Reality is sometimes the scariest horror of all, and the movies that deal with topics that could happen to the viewer can provide the longest lasting terror. Some of the movies in this post will be (loosely) based on true stories while others are based in issues that we all face as part of the human condition.
Category: Movies and TV
At its most basic, a creature feature is a horror movie with a monster — as simple as that. In the earliest incarnation of the term, if someone mentioned creature feature, they’d be thinking of the Universal Monsters — Frankenstein’s Monster, Dracula, The Mummy, The Wolfman, The Creature from the Black Lagoon as well as other monster movies like King Kong. But not today. For this entry, I want to get into certain types — specifically, zombies, vampires, clowns, and various other murderous monsters. Of course, some of these monsters could fit within some other categories (witches would be supernatural), but I’m referring to movies that focus on the monster itself. And yes, there are hundreds of great (and not so great) examples of this type of movie, but remember — this isn’t a ‘best of’ list!
G-Man can home from school today excited to tell us that they used this clip in his Social Studies class!
We had showed it to him a few months ago when we came across this one on the internet.
New countries and territories!
Sing along! Ha!
The supernatural is a broad topic for horror, but absolutely one of the most important. I’m counting everything related to haunted houses, possessions (of people or things), and demonic/religious. This category was probably my first serious foray into horror starting with books by Stephen King and TV shows like Doctor Who (oddly, the mediocre episode Snakedance from 1983 might have given me more nightmares than most of the below horror movies).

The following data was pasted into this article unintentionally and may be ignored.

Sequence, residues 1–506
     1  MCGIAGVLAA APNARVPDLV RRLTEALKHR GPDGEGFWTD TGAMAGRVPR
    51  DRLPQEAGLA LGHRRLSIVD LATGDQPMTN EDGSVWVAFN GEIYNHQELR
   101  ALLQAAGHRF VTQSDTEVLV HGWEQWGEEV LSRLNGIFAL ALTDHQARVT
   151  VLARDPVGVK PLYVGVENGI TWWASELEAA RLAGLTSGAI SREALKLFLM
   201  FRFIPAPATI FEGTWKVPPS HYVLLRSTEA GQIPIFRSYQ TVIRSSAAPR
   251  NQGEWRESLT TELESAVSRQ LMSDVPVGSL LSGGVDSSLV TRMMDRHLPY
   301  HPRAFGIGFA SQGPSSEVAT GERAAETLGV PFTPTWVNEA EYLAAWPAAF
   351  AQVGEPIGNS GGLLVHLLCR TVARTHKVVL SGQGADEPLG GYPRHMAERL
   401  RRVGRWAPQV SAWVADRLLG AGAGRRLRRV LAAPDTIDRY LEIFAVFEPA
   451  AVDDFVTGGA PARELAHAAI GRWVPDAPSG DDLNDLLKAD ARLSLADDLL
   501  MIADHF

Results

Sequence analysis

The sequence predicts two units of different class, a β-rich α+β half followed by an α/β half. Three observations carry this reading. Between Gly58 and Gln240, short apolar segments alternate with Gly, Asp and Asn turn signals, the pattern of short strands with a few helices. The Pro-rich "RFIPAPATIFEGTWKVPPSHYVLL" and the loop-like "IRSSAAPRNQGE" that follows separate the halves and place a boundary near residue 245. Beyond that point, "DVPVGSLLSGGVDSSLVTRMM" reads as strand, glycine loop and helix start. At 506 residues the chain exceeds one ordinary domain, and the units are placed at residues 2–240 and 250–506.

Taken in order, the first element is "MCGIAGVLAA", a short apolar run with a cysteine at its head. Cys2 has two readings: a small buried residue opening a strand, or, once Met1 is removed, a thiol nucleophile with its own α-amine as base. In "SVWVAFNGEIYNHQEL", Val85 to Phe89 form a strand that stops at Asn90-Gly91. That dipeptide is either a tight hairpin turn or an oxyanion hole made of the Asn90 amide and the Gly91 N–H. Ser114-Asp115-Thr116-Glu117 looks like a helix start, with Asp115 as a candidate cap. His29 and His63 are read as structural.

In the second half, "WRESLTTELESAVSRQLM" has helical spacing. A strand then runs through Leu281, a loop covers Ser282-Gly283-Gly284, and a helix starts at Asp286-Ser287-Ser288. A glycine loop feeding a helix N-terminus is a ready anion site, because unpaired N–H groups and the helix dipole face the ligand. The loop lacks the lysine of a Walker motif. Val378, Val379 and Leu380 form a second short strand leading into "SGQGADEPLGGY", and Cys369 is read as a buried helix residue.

Growing up in the era of the Slasher was a great experience for someone who fell in love with horror movies so young. I remember cuddling up to a blanket on the cold basement floor as I watched the unstoppable Michael Myers do his thing.
But let me back up a little bit – what exactly is a slasher? Typically, a slasher is a a movie where the victims (usually women in the 80s and 90s) are killed by knives or other sharp weapons in a sequential fashion. They don’t necessarily need to be gory, or even have a large body count. Later movies like Scream (1996) played with the rules of slashers (even recounting some of them in the movie itself), but the idea of sequential victims usually stays strong.
For the first week of Horror Month — I mean, October — I want to look at movies I watched as a kid in what can be considered the most despised of my five broad categories – Disturbed Horror Movies. This broad category encompasses revenge movies, goreporn, torture porn and other films meant specifically to unsettle the audience through horrific imagery and scenes.
I consider the Halloween season to be one of my favourite times of the year. Candy? Check. Changing leaves underfoot? Check. Not ridiculously hot? Check. Horror movies? Check, check!
For some reason, I was rather young when I started watching horror movies. Should an eight year old watch an R rated movie where someone’s intestines are being ripped out? Probably not — but I did. On many occasions. Perhaps it was my older sister that got me into them, or perhaps it was the walk through the video store’s horror section that did it. I mean, how can a kid not be tempted by the section of the rental store that’s decorated so very differently and all too invitingly with faux-brick-walls and spooky posters?